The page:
Lent is a time for reflection and self-discipline. Often, it is also a time when our passions and demons attack us with the most fervor.
Laziness sets in. We become despondent, overburdened, overwhelmed. There are so many services and so many things to prepare. Not to mention, if you have non-Orthodox family, two different celebrations to prepare for (some of which we can't even enjoy because we are still in Lent!)
During this past Lent, I felt such a pull. To just give up and indulge my weaknesses.
There were services during which my son would not fall asleep. There were nights when I could not bring myself to make dinner. We struggled through Holy Week, bringing our baby with us to every service, and even to our All Night Vigil. There were times when it felt as though we would never get a break.
But then, Pascha arrived.
And everything we had struggled through had been worth it.
The food was more savory. Each sip of wine was sweeter. Being able to shout “Christ is Risen”, and respond “Truly He is Risen” with such exuberance that my son could not help but stay awake and witness the Resurrection.
I want to say this was a unique experience. And, to some extent it was, as it was our first child’s first Pascha. But this is how every Lenten season tends to progress.
During our entire Lenten journey, we do not believe that we can make it. We become the doubting Thomases of ourselves, loathe to think that we can actually bear the crosses bestowed upon us during the fast. However, we are always able to persevere and are always more joyous in our Paschal celebration, knowing that we have persisted.
Finding joy in the struggle makes us look forward to being tried, to pushing ourselves, to struggling through it all. Throughout Lent, we know that if we put the desire in the struggle, it is less fleeting than if we were to put it in the goal.
There is scientific evidence for why this happens. Dopamine is released in the build up to something. The stomach sinking drop of a roller coaster. A baseball game in its ninth inning, all tied up with bases loaded. Stepping out onto the stage on the opening night of a play. Anticipation creates excitement. And what is Lent but forty days of anticipating the resurrection of our Lord? It’s the greatest dopamine rush of all time!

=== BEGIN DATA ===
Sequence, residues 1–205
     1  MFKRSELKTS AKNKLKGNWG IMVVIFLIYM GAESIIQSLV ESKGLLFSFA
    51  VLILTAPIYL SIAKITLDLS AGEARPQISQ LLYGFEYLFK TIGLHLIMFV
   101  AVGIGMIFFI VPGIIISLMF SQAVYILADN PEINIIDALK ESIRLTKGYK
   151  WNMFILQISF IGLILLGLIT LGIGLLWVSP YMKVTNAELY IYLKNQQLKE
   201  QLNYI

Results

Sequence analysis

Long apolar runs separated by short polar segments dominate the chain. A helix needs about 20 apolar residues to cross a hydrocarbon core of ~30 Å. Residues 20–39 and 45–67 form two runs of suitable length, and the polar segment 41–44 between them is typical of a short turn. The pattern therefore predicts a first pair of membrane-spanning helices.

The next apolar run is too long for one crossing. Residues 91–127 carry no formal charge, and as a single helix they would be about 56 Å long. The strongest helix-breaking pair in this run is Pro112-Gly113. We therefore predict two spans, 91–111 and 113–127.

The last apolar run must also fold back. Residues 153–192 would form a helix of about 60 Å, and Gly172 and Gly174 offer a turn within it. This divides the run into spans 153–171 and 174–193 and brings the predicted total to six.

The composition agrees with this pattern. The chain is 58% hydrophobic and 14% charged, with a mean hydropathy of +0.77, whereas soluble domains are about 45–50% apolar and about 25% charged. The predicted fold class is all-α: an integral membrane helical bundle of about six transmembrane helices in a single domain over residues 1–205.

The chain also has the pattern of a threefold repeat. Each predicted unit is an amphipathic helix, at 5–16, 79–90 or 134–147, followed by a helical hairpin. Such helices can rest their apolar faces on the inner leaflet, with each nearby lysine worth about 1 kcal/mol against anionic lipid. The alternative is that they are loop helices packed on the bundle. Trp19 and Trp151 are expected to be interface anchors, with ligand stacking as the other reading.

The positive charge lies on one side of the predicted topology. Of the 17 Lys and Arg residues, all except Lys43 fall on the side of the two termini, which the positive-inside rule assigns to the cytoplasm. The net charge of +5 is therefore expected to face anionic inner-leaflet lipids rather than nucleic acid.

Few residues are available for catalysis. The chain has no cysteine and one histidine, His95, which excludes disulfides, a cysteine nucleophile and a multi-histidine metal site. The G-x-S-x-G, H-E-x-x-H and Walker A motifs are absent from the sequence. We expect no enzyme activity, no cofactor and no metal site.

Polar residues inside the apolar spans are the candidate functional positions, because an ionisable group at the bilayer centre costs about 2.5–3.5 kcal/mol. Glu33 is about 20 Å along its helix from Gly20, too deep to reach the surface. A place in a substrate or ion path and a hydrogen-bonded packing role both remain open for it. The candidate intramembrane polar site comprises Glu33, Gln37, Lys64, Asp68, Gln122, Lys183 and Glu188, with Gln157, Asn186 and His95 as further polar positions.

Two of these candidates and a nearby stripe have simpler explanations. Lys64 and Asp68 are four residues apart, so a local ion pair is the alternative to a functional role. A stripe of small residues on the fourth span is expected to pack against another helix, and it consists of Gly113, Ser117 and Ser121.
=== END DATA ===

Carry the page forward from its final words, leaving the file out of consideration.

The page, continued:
But spiritually, we know the true reason behind our feeling of triumph during the Paschal feast. It is because we have followed Christ. Throughout the whole of Lent, we have been following Him, through his betrayal and His passion. Through the pitfalls and the miracles. We have seen it all, including our own sin. The prayer, fasting and almsgiving that we participate in humble us so much that we see ourselves for the sinful beings that we are. It allows us the opportunity to rise above it.
To break the spirit of sloth.
To break the spirit of lust.
To break the spirit of gluttony.
To break the spirit of pride.
We have the ability to not only follow Christ to the cross, but to die unto ourselves, and be resurrected alongside Him. To repent and rejoice, knowing that, though we are sinners, we might still be counted among the saints. This reassurance strengthens us and allows us to persist.
Persistence and humility are two great lessons taught in the Orthodox tradition. They are attributes we ourselves can come to possess, and allow us to better endure struggle.
I am sometimes leery of people here, in the West, who claim that we are in "the end times", all because of the jabs at Christianity made by the mainstream media. Yes, there are people with Christian values who are mocked, shamed, ridiculed, and threatened. But no one here is dying for the faith.
I have family who fled communist persecution. I have friends who fled oppression in the Middle East. They are not happy with the current state of affairs. However, they can attend church without fearing for their lives. That's something we can all do. We are not here, in America, dying for our faith. That is a reality for millions of Christians in around the world.
There is no reason to go through the Bible and pick out points in Revelation that allude to the end of the world. We have been in the end times since the start of Christianity. Orthodoxy was born under oppression. That is where it is most comfortable and that is something we should find comfort in. It is proof that our faith has stood the test of time.
So when you have to stand through a service, or console a crying baby during the homily, or have to spend a whole weeks worth of evenings in church, find joy in the fact that you are able to do so. Know that you are growing stronger. Know that you are growing closer to God. And know that you have struggles here that others would relish.